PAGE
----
According to the latest report of the International Diabetes Federation, the number of people with diabetes worldwide was 463 million in 2019 and is predicted to increase to 700 million by 2045. This poses a challenge to science to better understand diabetes, develop more precise measures for prevention, and optimize treatment for people with diabetes.
At the German Diabetes Center (DDZ), a partner of the German Center for Diabetes Research (DZD), Oana-Patricia Zaharia, MD, and her colleagues investigated new subgroups of diabetes in the German Diabetes Study (GDS). She validated the concept of five subgroups, which refines the previous classification scheme for type 1 and type 2 diabetes forms. In addition, she found a differentiated risk for diabetes complications. For example, people with severe insulin-resistant diabetes have a higher risk of kidney disease and non-alcoholic fatty liver disease, while people with severe insulin-deficient diabetes are more likely to have an increased risk of diabetic neuropathy.
"Dr. Zaharia is committed to precision medicine and has contributed to a more differentiated classification of diabetes through her research. In the future, this could help to individualize treatment for people with diabetes and prevent complications," said Professor Roden. "Her new award-winning project will promote the further development of diabetes research at the DDZ and Düsseldorf University Hospital." The jury of the EASD (European Association for the Study of Diabetes) awarded Dr. Zaharia the Rising Star Award, the EASD's highest award for young researchers, for her work and project. This includes a research grant of 30,000 euros to study the role of adipose tissue distribution in the risk profile of the new diabetes subgroups. The aim of the research grant is to promote innovative research in the field of diabetes.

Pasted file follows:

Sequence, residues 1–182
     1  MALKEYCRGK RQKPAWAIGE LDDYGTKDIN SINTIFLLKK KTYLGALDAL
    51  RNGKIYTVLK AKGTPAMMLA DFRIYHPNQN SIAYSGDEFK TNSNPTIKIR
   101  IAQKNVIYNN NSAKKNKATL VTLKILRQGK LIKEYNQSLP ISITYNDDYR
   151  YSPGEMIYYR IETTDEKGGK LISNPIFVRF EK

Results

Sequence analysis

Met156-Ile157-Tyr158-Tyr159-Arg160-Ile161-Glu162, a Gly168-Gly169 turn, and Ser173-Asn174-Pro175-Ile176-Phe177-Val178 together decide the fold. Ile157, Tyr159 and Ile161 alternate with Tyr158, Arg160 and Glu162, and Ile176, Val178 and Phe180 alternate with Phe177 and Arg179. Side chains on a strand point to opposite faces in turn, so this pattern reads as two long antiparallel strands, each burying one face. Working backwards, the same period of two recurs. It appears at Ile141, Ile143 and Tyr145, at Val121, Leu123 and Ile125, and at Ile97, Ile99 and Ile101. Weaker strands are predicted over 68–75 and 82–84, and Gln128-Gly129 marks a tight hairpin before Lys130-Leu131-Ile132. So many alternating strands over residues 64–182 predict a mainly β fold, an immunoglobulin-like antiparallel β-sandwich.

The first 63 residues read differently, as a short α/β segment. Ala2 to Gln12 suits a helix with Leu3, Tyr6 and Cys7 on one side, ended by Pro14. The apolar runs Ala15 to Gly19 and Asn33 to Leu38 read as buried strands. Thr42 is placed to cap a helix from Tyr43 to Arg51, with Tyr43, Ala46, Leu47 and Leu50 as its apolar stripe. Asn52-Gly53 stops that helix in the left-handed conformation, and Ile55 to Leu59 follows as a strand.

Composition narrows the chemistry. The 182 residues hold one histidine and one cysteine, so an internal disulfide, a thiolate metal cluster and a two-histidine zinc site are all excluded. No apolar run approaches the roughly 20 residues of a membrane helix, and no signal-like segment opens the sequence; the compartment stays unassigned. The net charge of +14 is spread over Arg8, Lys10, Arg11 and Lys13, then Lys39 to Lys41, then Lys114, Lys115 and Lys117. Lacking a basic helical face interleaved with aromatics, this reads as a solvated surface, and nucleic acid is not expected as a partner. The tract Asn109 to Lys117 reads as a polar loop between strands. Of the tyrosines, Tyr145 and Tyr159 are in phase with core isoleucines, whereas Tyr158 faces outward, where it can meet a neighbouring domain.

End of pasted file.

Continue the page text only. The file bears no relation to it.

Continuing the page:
This award is one of a number of honors for the young scientist – just in July of this year, her doctoral thesis with the same research focus was chosen as the best dissertation of the Faculty of Medicine at the University of Düsseldorf. At the 2021 EASD Annual Meeting, she reported on the future goals of her research: "In this new research project, we are trying to refine the new diabetes subgroups based on markers of adipogenesis (formation of fat cells) and adipose tissue distribution. We want to investigate whether people with diabetes can be assigned to specific groups that have a different distribution of adipose tissue and fat deposition in different tissues," said Dr. Zaharia, "because by understanding these complex mechanisms, we want to better understand the role of adipose tissue in the development and progression of diabetes."
Zaharia O.-P. et al: Risk of diabetes-associated diseases in subgroups of patients with recent-onset diabetes: a 5-year follow-up study The Lancet Diabetes & Endocrinology 2019: 684 – 694. DOI: 10.1016/S2213-8587(19)30187-1